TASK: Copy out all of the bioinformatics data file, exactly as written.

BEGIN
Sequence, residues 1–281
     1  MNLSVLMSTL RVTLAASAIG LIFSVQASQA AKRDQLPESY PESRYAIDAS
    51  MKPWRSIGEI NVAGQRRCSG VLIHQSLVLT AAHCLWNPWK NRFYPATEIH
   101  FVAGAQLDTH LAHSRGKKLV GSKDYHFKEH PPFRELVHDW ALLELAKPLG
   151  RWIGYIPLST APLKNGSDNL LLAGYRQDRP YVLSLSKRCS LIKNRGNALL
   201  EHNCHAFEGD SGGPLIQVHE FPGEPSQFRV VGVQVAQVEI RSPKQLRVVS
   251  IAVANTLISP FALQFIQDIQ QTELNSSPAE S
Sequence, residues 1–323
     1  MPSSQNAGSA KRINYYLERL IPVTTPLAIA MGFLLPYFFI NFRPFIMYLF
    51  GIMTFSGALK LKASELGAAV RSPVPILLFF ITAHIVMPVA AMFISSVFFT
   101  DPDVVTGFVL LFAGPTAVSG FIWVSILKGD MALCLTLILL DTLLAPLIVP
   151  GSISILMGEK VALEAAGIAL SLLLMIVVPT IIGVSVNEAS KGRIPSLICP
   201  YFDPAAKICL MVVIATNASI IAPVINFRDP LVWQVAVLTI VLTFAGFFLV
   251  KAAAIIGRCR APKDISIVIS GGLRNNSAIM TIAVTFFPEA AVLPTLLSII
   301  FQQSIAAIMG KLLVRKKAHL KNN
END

Sequence, residues 1–281
     1  MNLSVLMSTL RVTLAASAIG LIFSVQASQA AKRDQLPESY PESRYAIDAS
    51  MKPWRSIGEI NVAGQRRCSG VLIHQSLVLT AAHCLWNPWK NRFYPATEIH
   101  FVAGAQLDTH LAHSRGKKLV GSKDYHFKEH PPFRELVHDW ALLELAKPLG
   151  RWIGYIPLST APLKNGSDNL LLAGYRQDRP YVLSLSKRCS LIKNRGNALL
   201  EHNCHAFEGD SGGPLIQVHE FPGEPSQFRV VGVQVAQVEI RSPKQLRVVS
   251  IAVANTLISP FALQFIQDIQ QTELNSSPAE S
Sequence, residues 1–323
     1  MPSSQNAGSA KRINYYLERL IPVTTPLAIA MGFLLPYFFI NFRPFIMYLF
    51  GIMTFSGALK LKASELGAAV RSPVPILLFF ITAHIVMPVA AMFISSVFFT
   101  DPDVVTGFVL LFAGPTAVSG FIWVSILKGD MALCLTLILL DTLLAPLIVP
   151  GSISILMGEK VALEAAGIAL SLLLMIVVPT IIGVSVNEAS KGRIPSLICP
   201  YFDPAAKICL MVVIATNASI IAPVINFRDP LVWQVAVLTI VLTFAGFFLV
   251  KAAAIIGRCR APKDISIVIS GGLRNNSAIM TIAVTFFPEA AVLPTLLSII
   301  FQQSIAAIMG KLLVRKKAHL KNN